By Erik Wong, GoDaddy

In tech support, we love information. And we want to get our hands on as much of it as we can. Here’s why:

The more information you’re able to provide us, the easier it is to quickly and efficiently solve your problem.

Narrowing down the issue is always the hardest part. Once you discover the specific problem, the actual fix is easy. There are even plenty of situations where gathering information about a problem will inadvertently resolve it. That’s why there are a few things we always recommend trying before contacting tech support.

So, eschew the Geek Squad and surprise your friends and family with your tech knowledge. Whenever you have an issue, check these three things first.

  1. Is it your browser?

If you cannot load a page, cannot log into an account when you know the credentials are correct, or can’t interact with a website the way it’s supposed to work, your browser may be holding you back. Try clearing your cache and cookies to see if that fixes your issue.

You can also try duplicating the issue in a second web browser, which typically has the same effect because each browser has its own cache.

  1. Is it your machine?

Faulty hardware is an unfortunate reality in all fields of machinery. Device-specific firewalls, anti-virus programs, and settings can also cause issues unique to your computer, tablet or phone. If able, retry what it was you wanted to do on a different computer or device to see if you get different results.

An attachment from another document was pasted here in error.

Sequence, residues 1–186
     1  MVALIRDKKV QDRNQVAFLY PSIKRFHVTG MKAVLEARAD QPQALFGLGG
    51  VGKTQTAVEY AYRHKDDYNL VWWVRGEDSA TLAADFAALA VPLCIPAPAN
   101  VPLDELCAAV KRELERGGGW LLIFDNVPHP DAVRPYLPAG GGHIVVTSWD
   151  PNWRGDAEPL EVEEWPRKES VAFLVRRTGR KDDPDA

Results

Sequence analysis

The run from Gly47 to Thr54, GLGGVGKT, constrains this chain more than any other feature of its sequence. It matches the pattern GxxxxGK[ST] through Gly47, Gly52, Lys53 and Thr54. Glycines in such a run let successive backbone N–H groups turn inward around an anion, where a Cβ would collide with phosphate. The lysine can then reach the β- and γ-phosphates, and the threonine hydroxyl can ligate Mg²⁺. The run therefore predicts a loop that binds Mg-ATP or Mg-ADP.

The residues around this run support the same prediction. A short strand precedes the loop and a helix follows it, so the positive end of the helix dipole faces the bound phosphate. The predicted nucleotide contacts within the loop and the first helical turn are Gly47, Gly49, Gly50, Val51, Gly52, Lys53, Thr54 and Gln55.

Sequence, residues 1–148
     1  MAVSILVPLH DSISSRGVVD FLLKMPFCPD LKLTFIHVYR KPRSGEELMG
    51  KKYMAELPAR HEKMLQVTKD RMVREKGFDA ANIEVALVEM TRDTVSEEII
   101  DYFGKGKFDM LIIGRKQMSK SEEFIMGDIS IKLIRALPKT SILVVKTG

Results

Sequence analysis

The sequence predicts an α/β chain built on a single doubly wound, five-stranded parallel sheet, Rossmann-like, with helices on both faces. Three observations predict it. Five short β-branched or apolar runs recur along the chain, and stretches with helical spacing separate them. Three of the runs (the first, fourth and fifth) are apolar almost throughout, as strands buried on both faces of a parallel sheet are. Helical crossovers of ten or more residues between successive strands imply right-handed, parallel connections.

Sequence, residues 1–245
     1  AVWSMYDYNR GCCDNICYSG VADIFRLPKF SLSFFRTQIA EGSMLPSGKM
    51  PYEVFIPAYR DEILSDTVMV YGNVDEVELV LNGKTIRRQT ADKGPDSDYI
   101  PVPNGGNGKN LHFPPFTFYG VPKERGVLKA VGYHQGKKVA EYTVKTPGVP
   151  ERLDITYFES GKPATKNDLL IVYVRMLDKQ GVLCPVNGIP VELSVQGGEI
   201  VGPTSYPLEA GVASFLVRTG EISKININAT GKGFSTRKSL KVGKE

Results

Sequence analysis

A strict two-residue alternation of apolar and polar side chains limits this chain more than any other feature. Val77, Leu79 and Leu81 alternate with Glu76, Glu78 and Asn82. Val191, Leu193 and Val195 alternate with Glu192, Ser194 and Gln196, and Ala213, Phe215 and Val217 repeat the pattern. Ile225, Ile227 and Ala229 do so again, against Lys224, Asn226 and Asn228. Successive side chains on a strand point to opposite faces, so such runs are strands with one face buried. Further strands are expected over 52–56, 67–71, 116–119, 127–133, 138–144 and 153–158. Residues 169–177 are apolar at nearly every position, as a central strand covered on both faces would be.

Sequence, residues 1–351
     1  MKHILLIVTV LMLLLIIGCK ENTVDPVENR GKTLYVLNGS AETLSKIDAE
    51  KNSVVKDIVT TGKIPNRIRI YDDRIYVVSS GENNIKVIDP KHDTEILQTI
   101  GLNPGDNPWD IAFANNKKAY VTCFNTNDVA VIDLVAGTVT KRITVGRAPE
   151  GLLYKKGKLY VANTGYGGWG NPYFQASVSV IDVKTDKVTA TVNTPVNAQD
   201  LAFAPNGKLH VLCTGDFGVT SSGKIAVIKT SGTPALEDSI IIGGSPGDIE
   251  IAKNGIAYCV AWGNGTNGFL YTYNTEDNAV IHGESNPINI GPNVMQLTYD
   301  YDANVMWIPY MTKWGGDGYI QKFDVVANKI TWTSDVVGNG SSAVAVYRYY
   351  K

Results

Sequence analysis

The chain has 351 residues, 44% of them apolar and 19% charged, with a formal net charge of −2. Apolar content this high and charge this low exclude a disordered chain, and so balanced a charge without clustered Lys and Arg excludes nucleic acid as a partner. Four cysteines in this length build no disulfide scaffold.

It may not tell you exactly what is wrong with the machine you couldn’t use, but it does narrow down the source of the interference to that one device.

  1. Is it your network?

All of your devices typically use the same network access to gather data. A lot of people think that outages with your modem or Internet Service Provider (ISP) result in complete loss of Internet connectivity. In actuality, it’s extremely likely that at any given time you may be having some node-specific issues that can prevent you from being able to load some sites while having no effect on others.

It’s rare, but from time to time, it does happen. So, we recommend you try unplugging your modem for two to three minutes, allowing it to fully reset and re-establish your connection. If that doesn’t work, running and reading a traceroute will diagnose point-for-point any issues with your Internet connection.

If none of the above processes seem to banish the boogeymen in your computer, don’t worry. Give tech support a call and let them know what you’ve already tried. That little bit of prework on your end will help them get you up and running again in no time — and the rest of the house will be impressed by your technical prowess.

About the Author

EriEirk Wongk Wong is a small business/tech consultant for GoDaddy and a freelance pop-culture writer. He has written a regular column for a current events blog, and his commentary has been featured on Connect with Erik on Google+. The world’s largest domain name registrar and Web hosting provider, GoDaddy gives small business owners the tools to name their idea, build a beautiful online presence, attract customers and manage their business. To get more tips for your small business—including articles, videos and webinars—check out the GoDaddy Training Hub.

Key Topics

3 Tech Tricks to try Before Calling for Backup